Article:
Tony Banks and the late Chris Squire are to receive special recognition at Prog Magazine’s Orange Amplification presents Progressive Music Awards this week.
The awards, which take place on Thursday (September 3) at the Underglobe at Shakespeare’s Globe Theatre, will see Banks receiving this year’s Prog God Award, while Squire will have the Virtuoso Award named after him. Banks will appear on Steve Wright’s BBC Radio 2 show this afternoon (Tuesday) to talk about the award, after which the show will be available to listen to for 30 days here.
The Prog God accolade, presented by Orange Amplification, has previously been awarded to such greats as Rick Wakeman, Ian Anderson and Banks’ former Genesis bandmate Peter Gabriel. Banks is being recognised for his body of work with Genesis and as a solo artist, which represents sales of more than 130 million albums.
“I’m not normally picked out for this sort of recognition,” says Banks. “In fact, I have spent my entire career trying not to be noticed. Now, someone has seen through my clever disguise.
“I am obviously really gratified to get this award and it’s nice to know people appreciate the music I’ve helped to create. Being in such rarefied company with the previous winners is also something I’m delighted about. Rick, Ian and Peter are probably the first people you think of when you mention the bands they’re most associated with. But I see myself as representing the backroom boys of prog, who are often overlooked.”
The untimely passing of Yes bassist Squire in June this year has prompted Prog magazine to re-name the Virtuoso Award sponsored by Carlin Music, the Chris Squire Virtuoso – which honours the best instrumentalist of the year.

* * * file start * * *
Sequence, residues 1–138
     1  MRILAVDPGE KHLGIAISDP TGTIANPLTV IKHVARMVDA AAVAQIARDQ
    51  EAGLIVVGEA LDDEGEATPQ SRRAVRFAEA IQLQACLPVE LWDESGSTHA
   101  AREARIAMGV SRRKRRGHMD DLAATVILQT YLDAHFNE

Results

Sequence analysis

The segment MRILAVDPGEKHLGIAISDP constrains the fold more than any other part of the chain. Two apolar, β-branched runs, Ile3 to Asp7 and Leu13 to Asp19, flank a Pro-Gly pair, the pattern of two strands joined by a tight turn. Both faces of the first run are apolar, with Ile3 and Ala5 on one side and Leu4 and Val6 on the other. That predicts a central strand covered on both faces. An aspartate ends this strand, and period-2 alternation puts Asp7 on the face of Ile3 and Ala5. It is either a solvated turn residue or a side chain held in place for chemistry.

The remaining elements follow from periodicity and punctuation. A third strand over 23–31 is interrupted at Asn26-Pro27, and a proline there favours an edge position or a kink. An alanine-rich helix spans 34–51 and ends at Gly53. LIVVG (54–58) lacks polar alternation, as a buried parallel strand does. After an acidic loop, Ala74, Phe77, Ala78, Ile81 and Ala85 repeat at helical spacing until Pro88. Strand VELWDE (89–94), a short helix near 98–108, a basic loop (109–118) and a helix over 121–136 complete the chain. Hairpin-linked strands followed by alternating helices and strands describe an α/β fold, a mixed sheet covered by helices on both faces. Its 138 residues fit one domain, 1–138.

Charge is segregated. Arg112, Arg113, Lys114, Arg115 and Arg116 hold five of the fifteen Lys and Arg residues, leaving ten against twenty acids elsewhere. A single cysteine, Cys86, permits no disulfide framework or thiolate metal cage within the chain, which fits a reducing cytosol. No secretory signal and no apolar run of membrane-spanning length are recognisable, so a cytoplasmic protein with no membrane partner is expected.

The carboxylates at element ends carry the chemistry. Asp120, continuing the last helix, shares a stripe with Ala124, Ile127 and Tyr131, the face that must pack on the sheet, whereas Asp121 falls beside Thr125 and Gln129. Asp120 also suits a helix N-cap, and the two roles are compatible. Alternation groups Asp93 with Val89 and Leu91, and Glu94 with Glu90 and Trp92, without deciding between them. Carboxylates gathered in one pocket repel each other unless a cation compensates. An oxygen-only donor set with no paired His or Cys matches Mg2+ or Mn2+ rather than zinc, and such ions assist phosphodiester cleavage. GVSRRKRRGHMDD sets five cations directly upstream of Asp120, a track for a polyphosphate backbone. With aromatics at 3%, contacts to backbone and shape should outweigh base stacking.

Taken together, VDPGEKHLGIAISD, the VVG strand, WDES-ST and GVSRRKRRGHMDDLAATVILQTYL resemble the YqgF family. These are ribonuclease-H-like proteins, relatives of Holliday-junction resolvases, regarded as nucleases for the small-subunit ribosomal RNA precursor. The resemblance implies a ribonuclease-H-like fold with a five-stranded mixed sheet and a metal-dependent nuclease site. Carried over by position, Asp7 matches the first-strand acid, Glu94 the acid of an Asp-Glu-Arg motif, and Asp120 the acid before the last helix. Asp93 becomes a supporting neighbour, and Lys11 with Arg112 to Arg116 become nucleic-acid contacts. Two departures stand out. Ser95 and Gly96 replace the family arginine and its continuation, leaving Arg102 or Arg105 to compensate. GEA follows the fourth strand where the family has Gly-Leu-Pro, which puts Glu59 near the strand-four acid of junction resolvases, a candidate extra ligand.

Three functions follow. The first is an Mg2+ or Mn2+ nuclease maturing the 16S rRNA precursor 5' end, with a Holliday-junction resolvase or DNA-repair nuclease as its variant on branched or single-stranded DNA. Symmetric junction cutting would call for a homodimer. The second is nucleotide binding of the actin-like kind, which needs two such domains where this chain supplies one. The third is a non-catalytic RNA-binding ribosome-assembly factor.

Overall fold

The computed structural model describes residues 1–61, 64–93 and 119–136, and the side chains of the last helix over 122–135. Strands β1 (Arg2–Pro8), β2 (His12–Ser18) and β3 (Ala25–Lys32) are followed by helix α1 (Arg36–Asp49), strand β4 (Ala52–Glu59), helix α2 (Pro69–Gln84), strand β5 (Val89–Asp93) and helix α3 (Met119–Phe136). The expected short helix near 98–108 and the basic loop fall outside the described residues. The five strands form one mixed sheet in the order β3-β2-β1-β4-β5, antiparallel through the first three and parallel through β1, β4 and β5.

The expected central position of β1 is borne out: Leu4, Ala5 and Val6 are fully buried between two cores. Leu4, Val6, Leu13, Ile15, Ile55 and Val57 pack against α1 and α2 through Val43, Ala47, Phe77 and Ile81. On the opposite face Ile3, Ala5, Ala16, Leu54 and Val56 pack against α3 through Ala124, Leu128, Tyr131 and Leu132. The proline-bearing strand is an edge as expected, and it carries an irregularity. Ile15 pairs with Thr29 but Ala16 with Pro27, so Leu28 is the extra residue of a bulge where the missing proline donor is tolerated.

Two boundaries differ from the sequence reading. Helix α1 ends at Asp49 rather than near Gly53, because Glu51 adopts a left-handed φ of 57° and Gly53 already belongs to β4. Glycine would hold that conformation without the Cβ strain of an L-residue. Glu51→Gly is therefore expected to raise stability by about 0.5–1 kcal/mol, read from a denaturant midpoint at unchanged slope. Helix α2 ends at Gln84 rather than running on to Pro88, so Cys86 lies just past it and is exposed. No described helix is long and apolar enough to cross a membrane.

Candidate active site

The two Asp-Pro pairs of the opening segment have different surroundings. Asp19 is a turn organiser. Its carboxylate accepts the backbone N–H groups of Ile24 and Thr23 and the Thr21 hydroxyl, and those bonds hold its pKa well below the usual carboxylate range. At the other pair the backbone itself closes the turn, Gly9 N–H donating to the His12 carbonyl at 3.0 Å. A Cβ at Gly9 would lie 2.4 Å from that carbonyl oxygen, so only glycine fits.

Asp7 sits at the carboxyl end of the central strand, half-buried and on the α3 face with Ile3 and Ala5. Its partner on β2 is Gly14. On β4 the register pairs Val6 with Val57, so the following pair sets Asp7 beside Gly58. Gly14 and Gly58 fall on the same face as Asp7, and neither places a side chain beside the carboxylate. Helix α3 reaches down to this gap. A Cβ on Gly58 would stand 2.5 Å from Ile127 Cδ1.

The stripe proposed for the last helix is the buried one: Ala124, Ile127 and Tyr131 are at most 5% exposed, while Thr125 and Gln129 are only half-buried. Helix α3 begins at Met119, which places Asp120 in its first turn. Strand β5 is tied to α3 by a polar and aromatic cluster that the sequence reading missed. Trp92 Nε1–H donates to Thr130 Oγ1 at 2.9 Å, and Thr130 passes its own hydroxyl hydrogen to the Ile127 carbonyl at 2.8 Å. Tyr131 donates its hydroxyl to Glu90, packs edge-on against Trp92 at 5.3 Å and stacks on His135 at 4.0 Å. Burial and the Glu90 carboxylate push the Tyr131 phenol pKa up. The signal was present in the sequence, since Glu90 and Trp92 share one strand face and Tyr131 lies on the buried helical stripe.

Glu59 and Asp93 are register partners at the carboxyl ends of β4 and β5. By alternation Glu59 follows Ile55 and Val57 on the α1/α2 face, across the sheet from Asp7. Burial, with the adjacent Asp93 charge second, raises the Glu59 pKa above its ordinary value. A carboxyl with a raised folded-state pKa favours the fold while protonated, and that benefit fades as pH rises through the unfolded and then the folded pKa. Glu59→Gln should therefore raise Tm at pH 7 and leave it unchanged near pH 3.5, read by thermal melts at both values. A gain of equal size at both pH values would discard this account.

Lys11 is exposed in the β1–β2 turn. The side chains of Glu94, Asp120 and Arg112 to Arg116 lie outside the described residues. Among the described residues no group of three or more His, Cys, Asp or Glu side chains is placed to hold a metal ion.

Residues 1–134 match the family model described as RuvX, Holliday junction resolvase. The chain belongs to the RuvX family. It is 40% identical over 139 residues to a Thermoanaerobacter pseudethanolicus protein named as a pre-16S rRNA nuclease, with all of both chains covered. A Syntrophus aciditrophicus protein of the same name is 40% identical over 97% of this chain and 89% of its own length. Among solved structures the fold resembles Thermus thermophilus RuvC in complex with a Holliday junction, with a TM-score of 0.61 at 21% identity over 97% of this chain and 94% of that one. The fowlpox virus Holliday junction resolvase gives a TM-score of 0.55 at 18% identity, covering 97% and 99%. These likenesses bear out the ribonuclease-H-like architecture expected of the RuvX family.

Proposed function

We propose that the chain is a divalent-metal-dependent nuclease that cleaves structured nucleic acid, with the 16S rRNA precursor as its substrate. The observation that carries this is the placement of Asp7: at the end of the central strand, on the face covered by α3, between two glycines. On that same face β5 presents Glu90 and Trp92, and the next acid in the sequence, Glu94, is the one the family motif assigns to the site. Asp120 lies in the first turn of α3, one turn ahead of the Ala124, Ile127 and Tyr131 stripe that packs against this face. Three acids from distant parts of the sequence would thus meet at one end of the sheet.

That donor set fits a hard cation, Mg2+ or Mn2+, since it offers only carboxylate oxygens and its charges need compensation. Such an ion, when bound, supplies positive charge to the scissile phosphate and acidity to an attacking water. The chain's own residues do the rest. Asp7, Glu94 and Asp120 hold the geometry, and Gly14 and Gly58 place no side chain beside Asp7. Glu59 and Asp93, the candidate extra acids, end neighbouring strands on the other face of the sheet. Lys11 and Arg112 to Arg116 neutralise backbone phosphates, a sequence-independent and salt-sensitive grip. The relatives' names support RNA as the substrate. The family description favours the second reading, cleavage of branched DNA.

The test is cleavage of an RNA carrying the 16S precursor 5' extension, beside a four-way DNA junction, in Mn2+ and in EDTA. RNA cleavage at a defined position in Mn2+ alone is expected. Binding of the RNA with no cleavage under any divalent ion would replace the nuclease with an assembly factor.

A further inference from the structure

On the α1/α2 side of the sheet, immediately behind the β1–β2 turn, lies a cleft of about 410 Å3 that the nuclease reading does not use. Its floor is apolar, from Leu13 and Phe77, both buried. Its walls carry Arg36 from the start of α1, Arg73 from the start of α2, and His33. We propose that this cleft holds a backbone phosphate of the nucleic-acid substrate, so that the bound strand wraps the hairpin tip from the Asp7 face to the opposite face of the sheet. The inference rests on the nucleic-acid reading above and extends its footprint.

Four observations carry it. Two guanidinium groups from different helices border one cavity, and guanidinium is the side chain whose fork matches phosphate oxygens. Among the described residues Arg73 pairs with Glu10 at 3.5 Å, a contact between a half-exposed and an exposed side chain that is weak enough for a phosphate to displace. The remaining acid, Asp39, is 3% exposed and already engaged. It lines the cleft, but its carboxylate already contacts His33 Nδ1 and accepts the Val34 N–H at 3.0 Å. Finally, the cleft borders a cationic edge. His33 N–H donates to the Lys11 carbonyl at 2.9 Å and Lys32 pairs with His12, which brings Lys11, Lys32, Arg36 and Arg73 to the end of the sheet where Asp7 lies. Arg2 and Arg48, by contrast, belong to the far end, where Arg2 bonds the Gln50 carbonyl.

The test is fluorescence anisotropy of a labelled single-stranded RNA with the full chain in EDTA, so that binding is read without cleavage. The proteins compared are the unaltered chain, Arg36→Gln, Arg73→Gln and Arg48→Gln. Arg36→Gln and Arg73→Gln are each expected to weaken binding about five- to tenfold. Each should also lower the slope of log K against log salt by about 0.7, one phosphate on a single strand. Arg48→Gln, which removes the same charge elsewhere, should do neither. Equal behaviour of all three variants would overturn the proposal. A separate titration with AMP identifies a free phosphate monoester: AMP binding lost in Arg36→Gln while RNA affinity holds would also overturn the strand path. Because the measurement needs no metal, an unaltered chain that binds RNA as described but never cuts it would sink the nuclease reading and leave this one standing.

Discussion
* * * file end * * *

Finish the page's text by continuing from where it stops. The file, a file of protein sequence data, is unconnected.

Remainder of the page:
“Renaming this award is highly appropriate,” says Yes drummer Alan White. “Chris did so much to shape the way the bass is played these days, and his impact was incalculable. He was a unique and inspiring musician. Of course, all of us who were privileged to know him will miss him hugely. But the music he did so much to help create is timeless. And this honour will ensure his name will never be forgotten.”
“It’s really nice that Prog magazine have done that,” adds Yes keyboard player Geoff Downes. “From our standpoint, we all want Chris to be remembered in the best possible way, and naming an award after him is a great honour not just for Chris but for the band as well. I think it’s very fitting, and I think in the case of it being a virtuoso of an instrument that’s generally considered to be supportive in the band just shows the extent of what a genius he was, to be able to take that to a virtuoso standard.
“I think as a pioneer of bass guitar, there’s probably no one who could match him on what he achieved with the instrument. He really had a big influence, not just on the rock scene but all other types of music. There are bass players out there that remember Chris Squire as being the godfather of rock bass guitar.”
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